Conklin further argues the district court forced him to proceed pro se instead of granting him more time to find counsel. Conklin acknowledges the court granted a six month trial continuance after concluding that he had waived his right to counsel. But he argues, without supporting authority, that the court erred by failing to advise him that he continued to have the right to retain private counsel. This contention ignores the colloquy before the start of trial, when the district court asked Conklin whether he still waived the right to counsel, and Conklin again failed to answer the question. This exchange gave Conklin one final chance to avoid the dangers of self-representation, and he again refused to take a position. On this record, it is apparent that Conklin knew he could retain attorney Hoffman or other counsel, or reverse his prior position and ask the court to appoint counsel, and that he knowingly and intelligently chose to represent himself.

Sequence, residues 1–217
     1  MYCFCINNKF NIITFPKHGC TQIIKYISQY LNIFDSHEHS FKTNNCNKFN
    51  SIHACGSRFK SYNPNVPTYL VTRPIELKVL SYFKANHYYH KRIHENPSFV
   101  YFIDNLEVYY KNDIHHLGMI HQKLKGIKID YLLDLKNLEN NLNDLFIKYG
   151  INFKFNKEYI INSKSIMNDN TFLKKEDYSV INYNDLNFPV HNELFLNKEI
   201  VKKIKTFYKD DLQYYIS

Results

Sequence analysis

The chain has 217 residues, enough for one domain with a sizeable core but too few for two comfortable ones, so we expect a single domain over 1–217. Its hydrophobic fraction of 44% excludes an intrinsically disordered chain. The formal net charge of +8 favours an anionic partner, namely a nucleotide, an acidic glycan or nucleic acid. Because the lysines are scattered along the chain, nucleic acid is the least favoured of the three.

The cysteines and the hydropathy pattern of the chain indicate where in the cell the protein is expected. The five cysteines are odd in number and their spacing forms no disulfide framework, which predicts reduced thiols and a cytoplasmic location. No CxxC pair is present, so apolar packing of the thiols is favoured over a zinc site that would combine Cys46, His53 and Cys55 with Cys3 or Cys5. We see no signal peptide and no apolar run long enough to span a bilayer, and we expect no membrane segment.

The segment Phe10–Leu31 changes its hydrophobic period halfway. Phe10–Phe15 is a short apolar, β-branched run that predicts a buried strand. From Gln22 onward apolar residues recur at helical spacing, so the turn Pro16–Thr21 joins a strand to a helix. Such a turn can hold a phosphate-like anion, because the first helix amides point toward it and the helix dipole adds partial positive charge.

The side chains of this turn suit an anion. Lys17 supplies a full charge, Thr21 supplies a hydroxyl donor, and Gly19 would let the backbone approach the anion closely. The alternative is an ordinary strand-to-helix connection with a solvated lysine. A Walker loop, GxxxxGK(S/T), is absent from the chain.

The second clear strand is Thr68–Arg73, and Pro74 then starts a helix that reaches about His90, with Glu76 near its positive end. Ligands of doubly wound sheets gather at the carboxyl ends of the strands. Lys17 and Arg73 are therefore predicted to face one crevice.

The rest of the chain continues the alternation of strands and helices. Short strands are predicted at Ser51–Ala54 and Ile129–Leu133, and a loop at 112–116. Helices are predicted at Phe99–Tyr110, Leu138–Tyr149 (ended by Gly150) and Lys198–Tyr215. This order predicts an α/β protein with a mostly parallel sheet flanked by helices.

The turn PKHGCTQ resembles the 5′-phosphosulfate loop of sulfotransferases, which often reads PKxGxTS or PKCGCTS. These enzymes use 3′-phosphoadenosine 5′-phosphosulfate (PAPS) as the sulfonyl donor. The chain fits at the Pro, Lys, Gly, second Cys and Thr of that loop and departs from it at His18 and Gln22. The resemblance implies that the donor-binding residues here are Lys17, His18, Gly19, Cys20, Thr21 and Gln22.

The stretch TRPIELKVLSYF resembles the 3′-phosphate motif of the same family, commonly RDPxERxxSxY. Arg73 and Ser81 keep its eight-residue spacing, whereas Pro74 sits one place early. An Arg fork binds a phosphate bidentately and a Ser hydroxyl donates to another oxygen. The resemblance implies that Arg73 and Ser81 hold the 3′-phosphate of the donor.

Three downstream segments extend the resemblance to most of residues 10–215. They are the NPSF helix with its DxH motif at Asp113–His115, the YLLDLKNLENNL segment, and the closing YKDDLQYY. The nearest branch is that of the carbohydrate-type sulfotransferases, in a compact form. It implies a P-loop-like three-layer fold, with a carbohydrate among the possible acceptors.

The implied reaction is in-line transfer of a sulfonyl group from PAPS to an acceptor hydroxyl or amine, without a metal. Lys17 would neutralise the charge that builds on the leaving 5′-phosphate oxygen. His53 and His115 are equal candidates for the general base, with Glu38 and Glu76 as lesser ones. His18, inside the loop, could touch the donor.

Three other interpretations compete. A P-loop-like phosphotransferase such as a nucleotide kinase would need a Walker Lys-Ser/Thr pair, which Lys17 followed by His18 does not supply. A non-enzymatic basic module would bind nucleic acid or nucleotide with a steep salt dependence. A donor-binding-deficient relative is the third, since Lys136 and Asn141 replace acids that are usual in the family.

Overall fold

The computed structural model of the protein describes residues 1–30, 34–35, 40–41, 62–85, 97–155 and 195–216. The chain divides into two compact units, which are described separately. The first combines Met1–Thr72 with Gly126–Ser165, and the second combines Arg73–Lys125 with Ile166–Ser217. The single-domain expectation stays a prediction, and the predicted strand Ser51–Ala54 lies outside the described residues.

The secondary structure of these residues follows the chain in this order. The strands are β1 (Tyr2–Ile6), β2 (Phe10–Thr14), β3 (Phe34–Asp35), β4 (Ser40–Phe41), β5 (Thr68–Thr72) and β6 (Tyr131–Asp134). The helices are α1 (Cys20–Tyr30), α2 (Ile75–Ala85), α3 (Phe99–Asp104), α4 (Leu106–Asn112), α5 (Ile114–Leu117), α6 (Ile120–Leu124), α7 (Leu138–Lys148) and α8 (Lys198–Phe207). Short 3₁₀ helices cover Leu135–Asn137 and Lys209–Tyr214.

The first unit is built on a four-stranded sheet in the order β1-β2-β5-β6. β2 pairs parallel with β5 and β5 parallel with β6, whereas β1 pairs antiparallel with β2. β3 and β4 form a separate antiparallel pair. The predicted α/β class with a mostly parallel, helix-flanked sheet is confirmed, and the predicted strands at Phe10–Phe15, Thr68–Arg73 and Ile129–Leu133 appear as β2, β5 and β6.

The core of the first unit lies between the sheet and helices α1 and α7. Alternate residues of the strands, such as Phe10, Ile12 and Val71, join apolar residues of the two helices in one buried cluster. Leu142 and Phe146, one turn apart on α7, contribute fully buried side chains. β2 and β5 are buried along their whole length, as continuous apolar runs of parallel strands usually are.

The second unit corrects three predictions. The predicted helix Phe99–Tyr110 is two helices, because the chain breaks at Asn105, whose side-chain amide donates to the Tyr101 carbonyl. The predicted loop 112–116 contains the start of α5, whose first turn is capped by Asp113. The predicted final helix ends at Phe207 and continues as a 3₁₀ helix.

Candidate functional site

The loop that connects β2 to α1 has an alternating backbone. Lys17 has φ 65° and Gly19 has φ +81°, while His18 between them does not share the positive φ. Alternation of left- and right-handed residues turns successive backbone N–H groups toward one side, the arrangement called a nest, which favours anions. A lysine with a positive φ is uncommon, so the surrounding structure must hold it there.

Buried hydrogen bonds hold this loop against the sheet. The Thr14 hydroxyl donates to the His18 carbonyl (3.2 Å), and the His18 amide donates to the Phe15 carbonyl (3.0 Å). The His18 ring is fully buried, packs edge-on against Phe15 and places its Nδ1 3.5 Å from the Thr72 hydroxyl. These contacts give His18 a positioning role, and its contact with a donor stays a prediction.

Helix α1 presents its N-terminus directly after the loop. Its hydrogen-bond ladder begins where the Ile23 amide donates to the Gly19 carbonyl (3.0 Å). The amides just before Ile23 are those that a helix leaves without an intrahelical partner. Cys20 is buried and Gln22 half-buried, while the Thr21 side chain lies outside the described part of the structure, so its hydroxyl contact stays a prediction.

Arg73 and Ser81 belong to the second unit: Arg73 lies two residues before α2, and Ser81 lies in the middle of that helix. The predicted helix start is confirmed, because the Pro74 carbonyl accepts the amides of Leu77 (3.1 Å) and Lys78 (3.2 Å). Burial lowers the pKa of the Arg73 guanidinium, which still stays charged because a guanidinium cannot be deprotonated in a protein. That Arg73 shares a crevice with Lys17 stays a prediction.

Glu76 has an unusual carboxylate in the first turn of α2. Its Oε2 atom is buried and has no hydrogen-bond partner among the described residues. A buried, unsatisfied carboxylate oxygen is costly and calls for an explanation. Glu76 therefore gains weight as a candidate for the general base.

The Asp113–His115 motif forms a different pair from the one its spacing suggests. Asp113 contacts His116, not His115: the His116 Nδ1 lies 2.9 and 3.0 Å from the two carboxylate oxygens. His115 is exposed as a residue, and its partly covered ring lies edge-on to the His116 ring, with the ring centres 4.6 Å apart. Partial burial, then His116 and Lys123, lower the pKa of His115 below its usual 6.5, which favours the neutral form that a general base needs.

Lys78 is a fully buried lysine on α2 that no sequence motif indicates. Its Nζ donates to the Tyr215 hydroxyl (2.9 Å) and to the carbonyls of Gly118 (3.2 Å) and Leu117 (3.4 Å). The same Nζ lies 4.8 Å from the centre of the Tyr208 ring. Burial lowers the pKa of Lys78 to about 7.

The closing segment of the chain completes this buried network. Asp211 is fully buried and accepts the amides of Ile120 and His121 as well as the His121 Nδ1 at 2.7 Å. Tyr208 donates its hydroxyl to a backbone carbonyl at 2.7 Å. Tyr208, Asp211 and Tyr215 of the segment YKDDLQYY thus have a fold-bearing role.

The judgment of the district court is affirmed.

FOOTNOTES

1.   The Honorable Daniel L. Hovland, United States District Judge for the District of North Dakota.

LOKEN, Circuit Judge.

FindLaw Career Center


      Post a Job  |  View More Jobs

    View More